Amusement park squashes cockroach-eating contest
Members of an animal rights group are celebrating what they say is a victory over a national amusement park chain that has decided to discontinue a live cockroach-eating competition that was part of its annual Halloween “Fright Fest” festivities.
The Six Flags Magic Mountain amusement park, north of Los Angeles, was one of the facilities that staged a competition where participants--among them teenagers--were encouraged to chow down live Madagascar hissing cockroaches. Winners received Fast Lane passes, which allowed them to go to the head of the line for rides, representatives from the People for the Ethical Treatment of Animals said.
Kristie Phelps, assistant director for PETA’s Animals in Entertainment Campaign, said this week that her group launched into action after receiving numerous complaints, beginning in 2006, from fair-goers who were “repulsed by the fact that Six Flags were gratuitously tormenting these insects.”
The contest was held at Six Flags Magic Mountain, about 30 miles north of downtown Los Angeles, for the past two years. The large cockroaches can grow up to 3 inches in length and make a distinctive hissing sound to ward off predators.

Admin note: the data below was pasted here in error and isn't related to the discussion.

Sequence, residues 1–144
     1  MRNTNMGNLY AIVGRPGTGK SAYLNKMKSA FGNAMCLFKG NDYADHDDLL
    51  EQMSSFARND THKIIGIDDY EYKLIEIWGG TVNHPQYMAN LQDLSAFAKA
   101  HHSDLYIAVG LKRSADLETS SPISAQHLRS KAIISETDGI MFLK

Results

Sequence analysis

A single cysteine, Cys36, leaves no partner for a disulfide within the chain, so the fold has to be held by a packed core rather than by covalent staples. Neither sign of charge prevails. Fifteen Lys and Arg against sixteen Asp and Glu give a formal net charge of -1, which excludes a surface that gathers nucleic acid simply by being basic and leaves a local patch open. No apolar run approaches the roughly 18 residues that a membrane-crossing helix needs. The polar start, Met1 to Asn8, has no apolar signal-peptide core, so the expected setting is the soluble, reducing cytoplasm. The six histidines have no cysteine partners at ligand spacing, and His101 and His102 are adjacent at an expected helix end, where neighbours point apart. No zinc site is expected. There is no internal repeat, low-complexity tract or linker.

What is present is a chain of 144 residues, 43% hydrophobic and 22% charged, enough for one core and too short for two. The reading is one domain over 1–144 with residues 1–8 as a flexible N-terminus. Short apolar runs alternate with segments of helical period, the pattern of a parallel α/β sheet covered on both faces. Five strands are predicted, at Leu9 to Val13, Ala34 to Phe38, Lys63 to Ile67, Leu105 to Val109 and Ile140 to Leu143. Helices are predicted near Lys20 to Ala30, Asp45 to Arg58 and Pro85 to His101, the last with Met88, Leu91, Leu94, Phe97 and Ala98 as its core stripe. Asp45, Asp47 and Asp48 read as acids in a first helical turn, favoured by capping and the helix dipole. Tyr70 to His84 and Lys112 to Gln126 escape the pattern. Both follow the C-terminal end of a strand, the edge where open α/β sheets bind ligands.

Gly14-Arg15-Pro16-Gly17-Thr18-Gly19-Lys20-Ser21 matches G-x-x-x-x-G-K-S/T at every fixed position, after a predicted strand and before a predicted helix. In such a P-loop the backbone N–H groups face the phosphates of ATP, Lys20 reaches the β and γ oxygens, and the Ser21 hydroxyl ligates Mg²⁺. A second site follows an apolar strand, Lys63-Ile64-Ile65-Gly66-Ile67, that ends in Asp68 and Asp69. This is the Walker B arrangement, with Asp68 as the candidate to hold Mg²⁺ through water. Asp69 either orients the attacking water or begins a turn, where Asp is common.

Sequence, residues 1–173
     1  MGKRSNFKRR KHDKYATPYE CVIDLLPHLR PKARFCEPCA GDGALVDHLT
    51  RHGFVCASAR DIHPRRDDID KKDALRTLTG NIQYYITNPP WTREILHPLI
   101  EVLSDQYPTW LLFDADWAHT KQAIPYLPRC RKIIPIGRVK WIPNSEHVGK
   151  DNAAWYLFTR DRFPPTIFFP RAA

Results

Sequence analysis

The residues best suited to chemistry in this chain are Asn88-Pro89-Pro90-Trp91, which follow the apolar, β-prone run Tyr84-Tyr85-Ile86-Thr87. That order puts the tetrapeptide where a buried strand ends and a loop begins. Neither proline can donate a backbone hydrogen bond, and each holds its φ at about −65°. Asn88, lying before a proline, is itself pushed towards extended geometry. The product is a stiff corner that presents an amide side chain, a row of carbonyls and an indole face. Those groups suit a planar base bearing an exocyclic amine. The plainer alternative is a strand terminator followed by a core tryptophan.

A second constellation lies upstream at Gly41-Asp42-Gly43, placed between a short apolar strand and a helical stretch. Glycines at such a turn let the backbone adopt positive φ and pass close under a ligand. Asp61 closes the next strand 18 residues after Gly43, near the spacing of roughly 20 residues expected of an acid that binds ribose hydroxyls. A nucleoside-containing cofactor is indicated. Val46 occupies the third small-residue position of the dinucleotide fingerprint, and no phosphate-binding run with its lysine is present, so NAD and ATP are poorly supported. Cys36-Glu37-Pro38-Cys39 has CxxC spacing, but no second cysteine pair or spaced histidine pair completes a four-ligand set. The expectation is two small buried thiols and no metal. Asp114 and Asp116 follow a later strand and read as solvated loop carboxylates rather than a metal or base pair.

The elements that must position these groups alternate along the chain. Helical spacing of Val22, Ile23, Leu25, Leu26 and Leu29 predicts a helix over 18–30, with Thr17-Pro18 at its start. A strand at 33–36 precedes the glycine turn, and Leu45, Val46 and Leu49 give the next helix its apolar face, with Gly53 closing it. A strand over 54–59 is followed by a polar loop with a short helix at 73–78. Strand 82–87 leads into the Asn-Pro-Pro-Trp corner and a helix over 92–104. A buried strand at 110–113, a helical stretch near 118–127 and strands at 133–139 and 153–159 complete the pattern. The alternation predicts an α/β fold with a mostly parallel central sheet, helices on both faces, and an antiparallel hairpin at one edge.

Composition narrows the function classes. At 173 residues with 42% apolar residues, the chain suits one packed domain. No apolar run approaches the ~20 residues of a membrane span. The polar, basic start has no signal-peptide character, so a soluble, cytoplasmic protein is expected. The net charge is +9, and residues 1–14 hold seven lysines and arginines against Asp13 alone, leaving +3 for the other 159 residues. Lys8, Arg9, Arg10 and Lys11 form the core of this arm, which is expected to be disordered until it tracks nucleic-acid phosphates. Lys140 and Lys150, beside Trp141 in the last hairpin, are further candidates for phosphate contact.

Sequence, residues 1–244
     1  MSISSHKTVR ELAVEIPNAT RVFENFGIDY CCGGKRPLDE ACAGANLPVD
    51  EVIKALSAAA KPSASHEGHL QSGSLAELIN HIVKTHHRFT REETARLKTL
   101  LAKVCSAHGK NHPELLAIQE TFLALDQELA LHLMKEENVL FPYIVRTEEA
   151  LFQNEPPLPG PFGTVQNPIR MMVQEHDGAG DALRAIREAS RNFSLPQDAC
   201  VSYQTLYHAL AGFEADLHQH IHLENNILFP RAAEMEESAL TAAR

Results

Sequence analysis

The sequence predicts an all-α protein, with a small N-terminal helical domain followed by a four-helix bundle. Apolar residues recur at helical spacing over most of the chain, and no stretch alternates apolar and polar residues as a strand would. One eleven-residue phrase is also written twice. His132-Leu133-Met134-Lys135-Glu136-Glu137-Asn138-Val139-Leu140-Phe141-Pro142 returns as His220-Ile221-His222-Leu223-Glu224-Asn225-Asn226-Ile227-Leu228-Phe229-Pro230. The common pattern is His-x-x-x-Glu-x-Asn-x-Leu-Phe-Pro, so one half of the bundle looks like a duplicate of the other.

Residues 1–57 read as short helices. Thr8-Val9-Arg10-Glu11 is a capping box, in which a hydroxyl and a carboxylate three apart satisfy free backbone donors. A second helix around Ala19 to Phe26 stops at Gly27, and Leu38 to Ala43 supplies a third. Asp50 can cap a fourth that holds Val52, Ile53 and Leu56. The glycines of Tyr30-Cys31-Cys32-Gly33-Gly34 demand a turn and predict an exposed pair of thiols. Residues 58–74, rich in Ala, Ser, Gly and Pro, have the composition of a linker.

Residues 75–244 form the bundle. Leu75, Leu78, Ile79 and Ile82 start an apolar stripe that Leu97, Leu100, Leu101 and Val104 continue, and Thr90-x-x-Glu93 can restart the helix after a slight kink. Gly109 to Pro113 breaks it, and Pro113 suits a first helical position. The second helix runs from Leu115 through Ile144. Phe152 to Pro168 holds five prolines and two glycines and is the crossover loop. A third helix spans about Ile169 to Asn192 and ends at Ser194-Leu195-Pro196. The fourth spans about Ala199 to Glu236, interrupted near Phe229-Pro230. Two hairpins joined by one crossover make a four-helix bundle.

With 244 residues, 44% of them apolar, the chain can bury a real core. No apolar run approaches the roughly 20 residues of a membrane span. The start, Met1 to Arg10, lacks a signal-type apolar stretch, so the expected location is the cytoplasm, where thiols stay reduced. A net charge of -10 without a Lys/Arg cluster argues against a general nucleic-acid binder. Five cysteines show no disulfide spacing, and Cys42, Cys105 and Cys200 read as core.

PETA sent a letter and several e-mails to Six Flags condemning the activity and requesting that it be stopped, Phelps said. “Cockroaches have been given a bad rap in our society, but they still don’t deserve to be eaten alive in an unimaginative marketing scheme,” she added.
In addition, Phelps said that encouraging teens and others to eat the insects alive “could desensitize them to suffering in general.” On July 29 Phelps received an e-mail from Sue Carpenter, public relations manager for Six Flags Magic Mountain & Hurricane Harbor, confirming that “Six Flags Magic Mountain, as well as all other Six Flags parks, will not be having the cockroach eating contest.”
“We’re on to other Fright Fest events that do not include any living creatures!” Carpenter wrote in the e-mail.
Sandra Daniels, vice president of communications for Six Flags, said the live cockroach-eating event had been successful at all Six Flags parks. But the decision was made to discontinue the competition at Magic Mountain because the company wanted to “branch out and mix things up…and do something different for Fright Fest.”
Daniels said Halloween was “a very big” and “competitive” business, and Six Flags was “always trying to find ways to keep things fresh.” She said plans for an activity to replace the cockroach-eating event were still being finalized.
-- Ann M. Simmons
Photo: Gina Ferazzi/Los Angeles Times